A little more about Deeds

admin  -  Jul 15, 2012  -  No Comments

There seems to be a lot of confusion as to what is necessary to convey title to real property. Generally, a deed is necessary to convey title from one party to another. I’ve come across many people who try to convey property using a “Bill of Sale”. A Bill of Sale can be used for conveying personal property, but not real property. Other times, people try to convey land using a “Contract for Deed”. This often creates legal ramifications for the parties that were unintended at the time of the original transaction. It becomes burdensome for the buyer and seller to finalize the transaction after the full purchase price has been tendered. Also, it is important to note that oral agreements for the conveyance of property are rarely enforceable. So it is best to at least get something in writing, even if it is not in the preferred form.

That being said, the best way to convey property is by a deed that has been notarized and recorded with the County Clerk. There are several types of deeds depending on the nature of the transaction. Does the Seller want to add conditions to the sale such as to retain the minerals? Does the Seller wish to retain a life estate in the property? Does the Seller wish to disclaim any environmental matters? Does the Seller wish to warrant the title to the property? All of this can change the language necessary in your deed.

Thus, while there is no “standard form” for a deed, there are certain rules that apply if a deed is to be valid. For instance, the intent to convey property must be clear from the wording; the property must be sufficiently described; and the deed must be signed and acknowledged by the grantor in front of a notary. Having said this, it is not true that all deeds are created equal. In particular, when it is a grantor’s intention to accomplish a specific objective and limit liability in doing so, the form and wording of a deed can be critically important. Always consult a real estate attorney when contemplating the transfer of property.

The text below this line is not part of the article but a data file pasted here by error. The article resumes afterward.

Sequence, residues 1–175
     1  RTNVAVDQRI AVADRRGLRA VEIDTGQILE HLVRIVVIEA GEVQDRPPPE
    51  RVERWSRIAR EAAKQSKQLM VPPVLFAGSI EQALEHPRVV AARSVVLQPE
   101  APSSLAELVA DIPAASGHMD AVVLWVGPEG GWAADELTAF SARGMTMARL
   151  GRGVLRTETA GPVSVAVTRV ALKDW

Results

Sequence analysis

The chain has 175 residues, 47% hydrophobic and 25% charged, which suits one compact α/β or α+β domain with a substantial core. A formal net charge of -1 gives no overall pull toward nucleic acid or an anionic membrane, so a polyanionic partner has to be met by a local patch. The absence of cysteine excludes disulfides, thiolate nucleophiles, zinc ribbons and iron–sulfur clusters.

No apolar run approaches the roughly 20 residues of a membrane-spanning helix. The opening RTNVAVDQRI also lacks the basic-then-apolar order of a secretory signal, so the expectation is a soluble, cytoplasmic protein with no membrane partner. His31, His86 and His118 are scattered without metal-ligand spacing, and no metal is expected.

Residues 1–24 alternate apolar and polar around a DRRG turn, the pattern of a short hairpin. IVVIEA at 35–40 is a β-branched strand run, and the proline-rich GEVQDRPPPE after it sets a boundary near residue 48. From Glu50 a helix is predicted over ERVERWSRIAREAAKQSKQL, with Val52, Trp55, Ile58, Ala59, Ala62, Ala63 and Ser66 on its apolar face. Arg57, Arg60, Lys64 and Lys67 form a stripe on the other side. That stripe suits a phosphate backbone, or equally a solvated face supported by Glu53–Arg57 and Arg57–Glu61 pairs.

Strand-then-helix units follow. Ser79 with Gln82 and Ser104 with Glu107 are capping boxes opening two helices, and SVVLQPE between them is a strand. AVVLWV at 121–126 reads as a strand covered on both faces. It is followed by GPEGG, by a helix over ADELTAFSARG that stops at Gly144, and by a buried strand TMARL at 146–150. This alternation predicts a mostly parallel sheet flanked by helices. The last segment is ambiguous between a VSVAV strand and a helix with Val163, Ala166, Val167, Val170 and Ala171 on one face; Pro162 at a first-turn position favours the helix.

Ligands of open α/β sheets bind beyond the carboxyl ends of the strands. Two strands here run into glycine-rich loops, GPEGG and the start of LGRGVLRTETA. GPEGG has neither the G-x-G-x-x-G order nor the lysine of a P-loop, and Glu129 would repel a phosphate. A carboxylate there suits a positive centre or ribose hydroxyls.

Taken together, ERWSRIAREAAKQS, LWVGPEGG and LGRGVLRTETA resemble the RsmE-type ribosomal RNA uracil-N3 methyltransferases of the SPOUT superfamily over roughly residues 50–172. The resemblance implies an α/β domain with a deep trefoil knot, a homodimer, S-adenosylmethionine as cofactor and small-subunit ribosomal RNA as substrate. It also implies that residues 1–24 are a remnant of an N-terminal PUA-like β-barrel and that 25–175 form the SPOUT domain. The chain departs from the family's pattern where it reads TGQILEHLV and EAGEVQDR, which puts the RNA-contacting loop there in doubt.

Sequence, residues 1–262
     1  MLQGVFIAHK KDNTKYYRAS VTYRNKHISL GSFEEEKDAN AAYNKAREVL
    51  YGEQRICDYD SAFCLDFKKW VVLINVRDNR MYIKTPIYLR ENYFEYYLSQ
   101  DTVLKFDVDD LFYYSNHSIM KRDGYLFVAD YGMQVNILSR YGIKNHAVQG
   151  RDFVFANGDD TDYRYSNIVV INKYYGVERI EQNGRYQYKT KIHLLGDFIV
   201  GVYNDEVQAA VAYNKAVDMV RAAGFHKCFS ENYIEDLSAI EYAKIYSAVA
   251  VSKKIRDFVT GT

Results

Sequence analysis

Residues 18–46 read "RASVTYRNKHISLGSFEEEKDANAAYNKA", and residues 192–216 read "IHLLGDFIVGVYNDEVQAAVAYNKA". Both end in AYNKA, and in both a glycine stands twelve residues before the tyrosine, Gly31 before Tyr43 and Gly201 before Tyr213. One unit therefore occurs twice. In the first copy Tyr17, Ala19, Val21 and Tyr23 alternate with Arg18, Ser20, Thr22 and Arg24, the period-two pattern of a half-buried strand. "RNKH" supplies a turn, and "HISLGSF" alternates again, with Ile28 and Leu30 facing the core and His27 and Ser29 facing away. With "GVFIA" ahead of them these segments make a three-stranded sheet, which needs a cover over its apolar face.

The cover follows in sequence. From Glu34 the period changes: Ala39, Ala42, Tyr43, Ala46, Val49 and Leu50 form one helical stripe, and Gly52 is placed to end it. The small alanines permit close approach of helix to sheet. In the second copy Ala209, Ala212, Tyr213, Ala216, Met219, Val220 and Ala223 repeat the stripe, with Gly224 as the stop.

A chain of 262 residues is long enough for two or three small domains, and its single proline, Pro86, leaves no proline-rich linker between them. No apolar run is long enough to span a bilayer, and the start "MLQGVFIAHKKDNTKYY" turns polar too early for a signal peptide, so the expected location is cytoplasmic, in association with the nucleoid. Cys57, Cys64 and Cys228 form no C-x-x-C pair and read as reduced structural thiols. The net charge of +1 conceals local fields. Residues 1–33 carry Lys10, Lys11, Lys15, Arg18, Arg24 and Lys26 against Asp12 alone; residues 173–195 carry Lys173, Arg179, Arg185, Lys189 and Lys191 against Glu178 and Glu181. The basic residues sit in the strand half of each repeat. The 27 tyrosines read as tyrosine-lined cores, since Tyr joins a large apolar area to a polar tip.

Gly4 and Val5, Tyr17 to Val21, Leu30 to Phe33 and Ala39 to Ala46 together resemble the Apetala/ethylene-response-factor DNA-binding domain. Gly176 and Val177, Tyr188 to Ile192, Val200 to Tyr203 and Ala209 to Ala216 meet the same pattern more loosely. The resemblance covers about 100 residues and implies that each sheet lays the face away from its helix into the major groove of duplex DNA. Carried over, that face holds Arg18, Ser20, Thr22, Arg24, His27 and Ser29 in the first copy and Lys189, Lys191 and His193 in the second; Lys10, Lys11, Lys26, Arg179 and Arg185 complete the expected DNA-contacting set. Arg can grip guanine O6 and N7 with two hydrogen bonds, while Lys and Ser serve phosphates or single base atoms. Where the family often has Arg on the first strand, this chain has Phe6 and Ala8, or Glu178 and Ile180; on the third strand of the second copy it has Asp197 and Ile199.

Finally, there is no requirement that a deed be recorded in the county clerk’s real property records in order to be valid – only that it be executed and delivered to the grantee. But it is typically problematic to not record the deed, even though the unrecorded deed itself is valid. Unrecorded original deeds are often misplaced over time. Recording a deed gives notice to the world of the transfer and, of course, establishes priority in the event an unscrupulous Seller gives more than one deed to the property.

Recording also makes it easier for title companies to research and insure the chain of title. Title companies insist on recording for this reason. Using a title company is always advisable in a Real Estate transaction and it could potentially protect both the Seller and the Buyer. Recording your deed will also inform the taxing authorities where they should send the ad valorem tax bill.

If you have any additional questions about deeds or your property in general, please feel free to contact us.